A Movie, and Legacy, for Children
When the fantasy film A Monster Calls (with Liam Neeson in a voice role) opens in October, it will present an opportunity for moviegoers to not only get lost for a few hours in a magical world, but also to recall the inspiring life of Siobhan Dowd.
Dowd was born in England to Irish immigrant parents. She lived in England as well as New York City, while also spending lots of time with family in Waterford and Wicklow. All the while, Dowd wrote acclaimed novels such as Bog Child and A Swift Pure Cry.
Sadly, at the age of just 47, Dowd died of breast cancer in 2007. Before she died, Dowd had come up with a new book idea about a boy, living in present day England, whose mother was also suffering from cancer. The boy is visited every night by a monster who tells him stories.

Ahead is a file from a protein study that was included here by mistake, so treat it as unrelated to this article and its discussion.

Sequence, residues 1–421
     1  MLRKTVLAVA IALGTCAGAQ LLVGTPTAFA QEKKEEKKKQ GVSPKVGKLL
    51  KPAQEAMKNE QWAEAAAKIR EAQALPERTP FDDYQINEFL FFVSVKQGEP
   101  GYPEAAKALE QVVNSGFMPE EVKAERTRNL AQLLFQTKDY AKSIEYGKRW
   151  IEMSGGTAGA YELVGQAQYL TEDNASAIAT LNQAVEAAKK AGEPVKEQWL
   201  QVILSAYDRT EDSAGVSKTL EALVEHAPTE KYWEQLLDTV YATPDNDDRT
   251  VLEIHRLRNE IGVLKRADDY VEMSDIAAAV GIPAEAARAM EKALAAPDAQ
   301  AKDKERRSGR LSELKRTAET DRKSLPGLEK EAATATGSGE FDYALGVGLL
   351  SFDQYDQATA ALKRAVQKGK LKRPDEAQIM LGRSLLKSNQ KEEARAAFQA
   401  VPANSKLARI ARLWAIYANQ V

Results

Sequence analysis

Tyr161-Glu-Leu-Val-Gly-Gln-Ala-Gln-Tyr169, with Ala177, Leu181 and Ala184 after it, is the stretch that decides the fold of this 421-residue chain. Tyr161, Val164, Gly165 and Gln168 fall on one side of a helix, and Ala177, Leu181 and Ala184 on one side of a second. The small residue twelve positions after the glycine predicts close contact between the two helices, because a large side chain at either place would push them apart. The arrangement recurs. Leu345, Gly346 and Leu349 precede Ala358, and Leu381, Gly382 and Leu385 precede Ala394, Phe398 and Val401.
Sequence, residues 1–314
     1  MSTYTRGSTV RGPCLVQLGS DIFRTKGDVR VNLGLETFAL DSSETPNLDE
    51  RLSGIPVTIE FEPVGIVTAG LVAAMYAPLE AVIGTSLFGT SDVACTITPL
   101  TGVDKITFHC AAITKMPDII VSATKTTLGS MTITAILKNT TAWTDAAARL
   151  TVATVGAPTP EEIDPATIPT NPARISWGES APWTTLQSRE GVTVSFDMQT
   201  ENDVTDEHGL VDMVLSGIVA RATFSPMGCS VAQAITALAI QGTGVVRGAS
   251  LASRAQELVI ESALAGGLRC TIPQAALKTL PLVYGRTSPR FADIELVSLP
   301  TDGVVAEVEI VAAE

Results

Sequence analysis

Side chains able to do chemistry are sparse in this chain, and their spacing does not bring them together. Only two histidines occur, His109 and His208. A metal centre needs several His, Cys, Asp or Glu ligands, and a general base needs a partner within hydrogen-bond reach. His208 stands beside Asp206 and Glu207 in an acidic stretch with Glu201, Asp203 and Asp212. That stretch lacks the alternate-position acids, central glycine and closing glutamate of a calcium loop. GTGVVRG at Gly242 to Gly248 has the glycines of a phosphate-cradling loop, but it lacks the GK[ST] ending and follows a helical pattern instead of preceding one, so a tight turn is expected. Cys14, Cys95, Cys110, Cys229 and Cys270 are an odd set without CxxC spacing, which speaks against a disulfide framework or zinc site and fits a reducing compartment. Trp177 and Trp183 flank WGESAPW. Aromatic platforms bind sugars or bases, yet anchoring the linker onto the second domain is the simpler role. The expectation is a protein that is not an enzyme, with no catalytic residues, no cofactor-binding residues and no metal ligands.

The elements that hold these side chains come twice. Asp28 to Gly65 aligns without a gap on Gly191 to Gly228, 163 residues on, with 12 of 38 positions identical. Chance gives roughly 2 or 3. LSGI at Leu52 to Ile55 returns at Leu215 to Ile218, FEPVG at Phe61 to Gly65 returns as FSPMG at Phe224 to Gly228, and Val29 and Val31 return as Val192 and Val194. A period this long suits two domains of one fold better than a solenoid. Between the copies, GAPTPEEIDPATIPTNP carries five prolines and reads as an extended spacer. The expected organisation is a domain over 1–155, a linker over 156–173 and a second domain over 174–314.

Dowd was unable to complete the book. However, fellow author Patrick Ness picked up the idea and completed the story. In the end, A Monster Calls – both the book and the forthcoming movie – are credited as “from an original idea by Siobhan Dowd.”
Also before she died, Dowd established the Siobhan Dowd Trust, which “works to give young people the opportunity to read and enjoy literature.”
The group’s mission is to “take stories to children and young people without stories” and also to “bring the joy of reading and books to children and young people deprived of access to books and of the opportunity to read.”
Finally, the trust funds and supports “disadvantaged young readers where there is no funding or support.”
Asked by the Guardian about the emotions of writing A Monster Calls based on Dowd’s idea, Patrick Ness said: “I wouldn’t have taken it on if I didn’t have complete freedom to go wherever I needed to go with it…. [B]ecause I know that this is what Siobhan would have done. She would have set it free, let it grow and change, and so I wasn’t trying to guess what she might have written, I was merely following the same process she would have followed.” ♦